Royal jelly, which is sometimes called bee's milk, is a thick creamy liquid secreted by special glands in young worker bees who serve as "nurses" to the hive.
All bee larvae are fed a small amount of royal jelly mixed with honey for the first three days of their lives. Starting on day four, however, most of the bees are weaned from this diet and develop into worker bees. But one bee, hatched from an egg identical to the rest, is fed exclusively on royal jelly. That bee becomes the queen. She will grow, on average, 40% larger than her fellow bees, perhaps 50% heavier, and live up to 40 or 50 times as long. And all the while, she will be producing enormous numbers of eggs, equal to more than twice her own body weight, every single day.
This phenomenon has led numerous researchers and practitioners to explore both the chemical composition and the potential therapeutic uses of royal jelly, particularly over the last several decades. Among other things, the complex substance has been found to be rich in amino acids (including the eight essential to human life), essential fatty acids, vitamins, minerals, RNA, DNA, and many other elements of clinically proven usefulness. Other compounds in royal jelly have yet to be identified.
Proponents of apitherapy (which also includes the use of other hive products, such as bee pollen, propolis, and bee venom) make many claims for the virtues of royal jelly. Among other things, it is said to increase appetite and general vigor; retard aging; boost longevity; accelerate healing; strengthen the immune system; and exhibit antibiotic and antiviral properties. Specific claims for royal jelly have been made in connection with Parkinson's disease and other nervous disorders; arthritis; and reproductive and sexual functioning.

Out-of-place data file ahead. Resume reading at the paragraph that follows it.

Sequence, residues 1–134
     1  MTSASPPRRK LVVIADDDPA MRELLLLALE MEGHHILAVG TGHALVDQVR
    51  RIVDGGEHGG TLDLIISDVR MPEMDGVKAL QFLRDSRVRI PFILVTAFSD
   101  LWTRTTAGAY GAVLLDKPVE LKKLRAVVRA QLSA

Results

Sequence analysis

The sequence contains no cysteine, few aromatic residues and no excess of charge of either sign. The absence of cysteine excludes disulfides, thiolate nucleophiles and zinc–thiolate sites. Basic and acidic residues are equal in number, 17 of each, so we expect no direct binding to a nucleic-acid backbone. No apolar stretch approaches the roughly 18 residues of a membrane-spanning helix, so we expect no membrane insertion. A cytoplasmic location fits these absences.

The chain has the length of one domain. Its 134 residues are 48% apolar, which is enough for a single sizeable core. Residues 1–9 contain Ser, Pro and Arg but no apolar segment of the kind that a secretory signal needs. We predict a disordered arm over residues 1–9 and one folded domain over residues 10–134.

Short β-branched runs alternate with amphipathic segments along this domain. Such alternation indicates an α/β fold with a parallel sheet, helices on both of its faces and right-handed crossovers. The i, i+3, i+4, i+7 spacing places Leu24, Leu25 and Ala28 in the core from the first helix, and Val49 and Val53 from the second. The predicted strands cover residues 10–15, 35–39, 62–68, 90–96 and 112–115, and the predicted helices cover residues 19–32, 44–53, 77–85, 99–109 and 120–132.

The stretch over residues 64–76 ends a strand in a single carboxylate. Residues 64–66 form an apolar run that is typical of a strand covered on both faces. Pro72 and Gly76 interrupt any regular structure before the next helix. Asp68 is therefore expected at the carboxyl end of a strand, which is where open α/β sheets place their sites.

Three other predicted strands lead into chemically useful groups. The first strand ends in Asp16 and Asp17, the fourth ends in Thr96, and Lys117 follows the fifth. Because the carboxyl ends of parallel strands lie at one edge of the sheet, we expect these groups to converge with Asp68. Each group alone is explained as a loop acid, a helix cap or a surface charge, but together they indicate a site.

Clinical studies over the last several decades have reported evidence supporting some of these claims, including shrinking tumors in mice, reducing cholesterol levels in humans, fighting microbial and viral infections, and reducing the trembling associated with Parkinson's disease. These accounts are case reports only, however, and not the results of controlled clinical trials.
Royal jelly is available in various forms. In its pure state, it is a jelly that must be kept under refrigeration. It is also found in honey, which works to preserve it naturally.
Synthetic royal jelly has also been manufactured and marketed, but according to some sources, it does not produce the same effects, on either bees or human subjects, in clinical trials.
Although apitherapy proponents maintain that royal jelly is not only entirely safe but almost miraculously beneficial, a number of deaths have been linked to its use. Australian researchers have reported cases of asthma said to have been induced by royal jelly (including at least one death), and a Japanese report blames royal jelly for causing a case of gastroenteritis. More research is needed, however, to clearly determine the connection between royal jelly and potential allergic reactions.
Some side effects have been reported for royal jelly, including occasional central nervous system symptoms, agitation, heart palpitations, insomnia, and anxiety.
No instances of interactions with other medications have been reported.
Cassileth, Barrie R. The Alternative Medicine Handbook. New York: W. W. Norton & Company, 1998.
American Apitherapy Society. 5390 Grande Road, Hillsboro, OH 45133. (937) 364-1108. http://www.apitherapy.org/.